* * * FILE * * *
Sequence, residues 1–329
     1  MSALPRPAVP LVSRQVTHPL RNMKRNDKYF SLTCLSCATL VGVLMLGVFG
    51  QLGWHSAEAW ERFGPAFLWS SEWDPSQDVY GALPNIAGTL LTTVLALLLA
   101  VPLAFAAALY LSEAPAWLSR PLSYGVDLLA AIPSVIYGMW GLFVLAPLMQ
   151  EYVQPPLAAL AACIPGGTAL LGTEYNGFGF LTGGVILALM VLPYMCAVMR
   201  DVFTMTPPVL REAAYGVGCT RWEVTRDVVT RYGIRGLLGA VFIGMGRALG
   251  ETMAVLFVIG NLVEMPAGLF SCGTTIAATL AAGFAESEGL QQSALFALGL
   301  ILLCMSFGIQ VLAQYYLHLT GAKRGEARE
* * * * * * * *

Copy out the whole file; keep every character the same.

Sequence, residues 1–329
     1  MSALPRPAVP LVSRQVTHPL RNMKRNDKYF SLTCLSCATL VGVLMLGVFG
    51  QLGWHSAEAW ERFGPAFLWS SEWDPSQDVY GALPNIAGTL LTTVLALLLA
   101  VPLAFAAALY LSEAPAWLSR PLSYGVDLLA AIPSVIYGMW GLFVLAPLMQ
   151  EYVQPPLAAL AACIPGGTAL LGTEYNGFGF LTGGVILALM VLPYMCAVMR
   201  DVFTMTPPVL REAAYGVGCT RWEVTRDVVT RYGIRGLLGA VFIGMGRALG
   251  ETMAVLFVIG NLVEMPAGLF SCGTTIAATL AAGFAESEGL QQSALFALGL
   301  ILLCMSFGIQ VLAQYYLHLT GAKRGEARE